201-203: Sister, Moonrise, Flynn


201: Your Sister’s Sister

Mark Duplass is on a roll lately. After directing the excellent drama Jeff, Who Lives at Home and starring in Safety Not Guaranteed he also played one of the leads in Your Sister’s Sister, Lynn Shelton’s newest feature. Duplass again creates a very likable guy, Jack, who has some serious issues to deal with. He decides to retreat to a cabin in the woods owned by his best friend, Iris (Emily Blunt). What he doesn’t know is that the sister of his friend, Hannah (Rosemarie DeWitt), is also there to work out her own problems. Hannah and Jack strike up a relationship that culminates in a situation that is extremely uncomfortable for all involved. Your Sister’s Sister is, however, a sweet drama about recognizing each other’s flaws and forgiving them for it, however selfish their behavior might be. Highly recommended if you want a small drama about real people with real feelings.


202: Moonrise Kingdom

Wes Anderson is a very divisive director. Ever since his first feature, Bottle Rocket, people have been debating whether his movies are works of art of just exercises in art direction. Anderson’s movies are often clinical manifestations of a very exacting brain. They present delightful worlds in which the characters are allowed to play to their heart’s content. His newest entry, Moonrise Kingdom, is no different and this time Anderson invented an entire island for his characters to play in. Everything revolves around two kids who run away from home to start a new life elsewhere. This puts the entire island on high alert, which results in funny situations and poignant drama. I liked Moonrise Kingdom a lot, but I also felt that it was really hard to get through the highly polished look of the film. Anderson is always a meticulous filmmaker, but this time he has taken his control of, in particular, camera movements to another level and that made the movie feel very artificial in many places. I didn’t get that feeling at all while watching his, in my opinion, best movies The Royal Tenenbaums and The Darjeeling Limited. I still recommend people seeing Moonrise Kingdom, if only for the top-notch performances of the cast.


203: Being Flynn

Robert De Niro’s career has in the last decade not been what it once was, but you don’t need me to tell you that. So it is nice to see that once in a while he wants to step outside his safety zone and take on a role that takes a little more effort than Meet the Parents or Analyze This. In Being Flynn he plays Jonathan Flynn, a self-proclaimed genius writer, but in reality nothing more than a con man who has neglected his family. The real main character, however, is Nick Flynn (played by Paul Dano), his son, who he has not seen in years. Nick also wants to be a writer, but struggles with the notion that he is not cut out for the job. One day Jonathan reaches out to Nick, which throws Nick for a loop. Does he want his father in his life, or does he want him to leave him alone. This predicament only worsens when Jonathan shows up at the homeless shelter where Nick works sometimes. Being Flynn is a movie about a very dysfunctional relationship between a father and a son with De Niro playing one of the biggest assholes in his career. Being Flynn could have been a very powerful movie, but it lacks the drive to make us connect more with the main character. Dano is fin as Nick, but the problem is that Nick is not somebody you want to root for. You want to give him a swift kick in the butt to get him to pick up his life and stop whining. While the performances are fine all-round, this casts such a large shadow over it all that just can’t be overcome.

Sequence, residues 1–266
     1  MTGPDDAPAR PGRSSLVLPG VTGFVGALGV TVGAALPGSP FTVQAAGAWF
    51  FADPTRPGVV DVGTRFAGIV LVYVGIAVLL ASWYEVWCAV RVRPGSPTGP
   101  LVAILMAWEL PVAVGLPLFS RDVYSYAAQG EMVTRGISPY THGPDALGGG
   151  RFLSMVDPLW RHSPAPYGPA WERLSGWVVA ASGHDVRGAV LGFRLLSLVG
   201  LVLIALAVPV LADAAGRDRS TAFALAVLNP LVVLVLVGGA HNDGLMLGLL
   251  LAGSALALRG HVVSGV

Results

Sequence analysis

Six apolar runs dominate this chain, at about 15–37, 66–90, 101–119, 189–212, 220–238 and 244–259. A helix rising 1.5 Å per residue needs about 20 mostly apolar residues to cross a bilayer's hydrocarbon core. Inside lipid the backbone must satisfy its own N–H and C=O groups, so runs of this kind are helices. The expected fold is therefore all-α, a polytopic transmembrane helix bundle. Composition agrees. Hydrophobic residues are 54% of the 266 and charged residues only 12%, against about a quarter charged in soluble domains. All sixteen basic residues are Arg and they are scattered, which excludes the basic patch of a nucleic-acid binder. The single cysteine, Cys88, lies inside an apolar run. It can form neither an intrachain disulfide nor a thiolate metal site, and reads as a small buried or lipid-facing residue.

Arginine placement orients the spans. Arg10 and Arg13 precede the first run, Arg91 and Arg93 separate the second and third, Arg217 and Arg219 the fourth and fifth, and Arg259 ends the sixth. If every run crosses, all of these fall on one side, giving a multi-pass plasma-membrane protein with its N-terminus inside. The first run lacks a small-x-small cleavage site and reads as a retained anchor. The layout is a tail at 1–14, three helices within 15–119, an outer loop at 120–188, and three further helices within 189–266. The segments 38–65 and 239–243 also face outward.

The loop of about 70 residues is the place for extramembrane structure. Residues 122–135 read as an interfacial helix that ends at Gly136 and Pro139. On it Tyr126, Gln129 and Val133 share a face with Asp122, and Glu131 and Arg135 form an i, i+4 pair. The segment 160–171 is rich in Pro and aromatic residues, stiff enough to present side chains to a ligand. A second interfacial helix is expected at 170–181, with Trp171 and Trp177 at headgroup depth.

181-184: Harry Potter Marathon, Part 2


And here we are at the other end of our Harry Potter marathon and I must say that it hasn’t been the chore I was expecting it to be. Watching these movies in order in a short amount of time is really beneficial for someone like me… someone who hasn’t read the books. It keeps fresh the enormous amount of details that need to be remembered to make sense of it all and adds to the appreciation of this movie series.